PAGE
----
Visibility Rules vs. Display Criteria

While both visibility rules and display criteria can be used to control the behavior of Active Form Fields and Sections, visibility rules are more compact, flexible and powerful than display criteria.

Display Criteria

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Visbility Rules

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Additionally, the following Active Form elements are compatible only with visibility rules, not display criteria:

  1. Active Form Screens

  2. Active Form Tables

  3. Active Form Table Fields

  4. Active Form Prompts

As such, we recommend using visibility rules over display criteria when utilizing these components of Active Forms.


Setup Bundles

Setting up a complicated Active Form can be time-consuming, especially if you need to replicate it across multiple process tasks. Using Setup Bundles can save you time and effort in the creation process. When creating a Setup Bundle, make sure you include only what you need to avoid replicating unnecessary configurations.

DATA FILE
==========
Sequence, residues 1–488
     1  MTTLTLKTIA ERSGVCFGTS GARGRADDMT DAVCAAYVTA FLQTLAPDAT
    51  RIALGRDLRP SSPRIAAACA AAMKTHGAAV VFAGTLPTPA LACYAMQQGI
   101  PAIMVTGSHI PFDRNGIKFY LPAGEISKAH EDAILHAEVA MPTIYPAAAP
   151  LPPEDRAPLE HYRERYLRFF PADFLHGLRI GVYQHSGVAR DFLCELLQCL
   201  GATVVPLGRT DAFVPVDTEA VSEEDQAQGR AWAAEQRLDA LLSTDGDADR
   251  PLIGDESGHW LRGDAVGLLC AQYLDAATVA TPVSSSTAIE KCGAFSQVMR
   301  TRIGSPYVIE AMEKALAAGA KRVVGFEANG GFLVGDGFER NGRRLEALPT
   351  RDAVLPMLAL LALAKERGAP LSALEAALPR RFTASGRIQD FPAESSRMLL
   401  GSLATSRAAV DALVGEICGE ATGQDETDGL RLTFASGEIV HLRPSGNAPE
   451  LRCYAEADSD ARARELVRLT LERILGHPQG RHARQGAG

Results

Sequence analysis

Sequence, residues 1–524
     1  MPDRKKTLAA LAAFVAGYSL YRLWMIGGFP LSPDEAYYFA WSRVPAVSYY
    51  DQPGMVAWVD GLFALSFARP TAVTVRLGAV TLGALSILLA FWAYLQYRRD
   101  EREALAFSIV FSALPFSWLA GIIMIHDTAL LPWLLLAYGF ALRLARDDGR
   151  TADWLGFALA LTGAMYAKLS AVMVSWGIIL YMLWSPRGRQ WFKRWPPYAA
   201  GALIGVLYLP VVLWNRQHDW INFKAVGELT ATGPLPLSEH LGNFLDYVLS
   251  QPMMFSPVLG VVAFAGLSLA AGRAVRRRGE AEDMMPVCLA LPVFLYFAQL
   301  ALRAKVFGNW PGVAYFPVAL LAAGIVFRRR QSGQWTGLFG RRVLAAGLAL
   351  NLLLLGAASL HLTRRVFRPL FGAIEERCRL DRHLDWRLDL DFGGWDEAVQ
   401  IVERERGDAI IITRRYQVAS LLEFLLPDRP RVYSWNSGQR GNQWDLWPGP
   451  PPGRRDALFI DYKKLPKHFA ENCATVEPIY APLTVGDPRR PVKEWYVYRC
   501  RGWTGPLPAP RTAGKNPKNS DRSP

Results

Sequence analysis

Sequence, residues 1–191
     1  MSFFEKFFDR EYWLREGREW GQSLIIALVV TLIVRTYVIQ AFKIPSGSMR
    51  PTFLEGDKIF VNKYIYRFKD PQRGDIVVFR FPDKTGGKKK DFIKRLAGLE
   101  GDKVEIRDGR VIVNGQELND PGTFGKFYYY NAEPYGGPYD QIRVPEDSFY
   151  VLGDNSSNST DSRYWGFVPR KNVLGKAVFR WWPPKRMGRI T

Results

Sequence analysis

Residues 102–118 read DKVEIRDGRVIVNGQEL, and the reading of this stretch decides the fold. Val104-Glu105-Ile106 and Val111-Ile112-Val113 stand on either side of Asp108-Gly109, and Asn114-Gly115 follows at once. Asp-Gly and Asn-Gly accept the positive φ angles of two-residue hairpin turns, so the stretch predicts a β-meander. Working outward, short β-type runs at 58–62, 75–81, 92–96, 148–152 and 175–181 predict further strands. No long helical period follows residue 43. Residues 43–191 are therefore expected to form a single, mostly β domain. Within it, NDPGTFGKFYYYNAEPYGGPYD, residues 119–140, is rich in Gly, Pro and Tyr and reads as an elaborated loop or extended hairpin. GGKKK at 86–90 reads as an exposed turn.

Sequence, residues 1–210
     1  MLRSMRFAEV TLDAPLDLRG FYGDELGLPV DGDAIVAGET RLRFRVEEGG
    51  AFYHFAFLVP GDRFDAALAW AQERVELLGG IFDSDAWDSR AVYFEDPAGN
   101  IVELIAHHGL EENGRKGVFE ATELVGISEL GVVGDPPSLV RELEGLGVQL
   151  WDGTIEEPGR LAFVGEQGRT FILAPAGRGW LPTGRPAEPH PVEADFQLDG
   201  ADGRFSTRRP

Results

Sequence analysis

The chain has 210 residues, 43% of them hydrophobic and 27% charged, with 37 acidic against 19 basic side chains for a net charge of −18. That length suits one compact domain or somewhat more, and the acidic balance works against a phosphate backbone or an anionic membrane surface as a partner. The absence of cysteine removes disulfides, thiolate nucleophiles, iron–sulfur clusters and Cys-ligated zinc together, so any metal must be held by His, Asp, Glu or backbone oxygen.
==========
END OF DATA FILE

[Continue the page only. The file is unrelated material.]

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Here are some things to think about when creating a Setup Bundle:

  • Clear Naming: Choosing a relevant name makes finding and reusing Setup Bundles easy.

  • Meaningful Description: State clearly what's included in the Setup Bundle and when it should be used.

  • Proper Testing: Run a test import of the Setup Bundle to ensure it delivers value to your Active Form configuration.


The Active Form Configuration Lifecycle

The more complicated an Active Form configuration is, the more important it is to be mindful of the Active Form lifecycle. We recommend following these stages:

  1. Design: This is the first step when building a new workflow. Think about designing each workflow step (process task) and its Active Form configuration before implementing it.

  2. Configure: Implement the workflow design and keep best practices in mind. Remember t to run a Validation Check to see if there are any configuration mistakes.

  3. Test: Try out the new workflow by kicking off the process and working on tasks as an end user. Test various scenarios, especially if the workflow has complex dynamic configurations.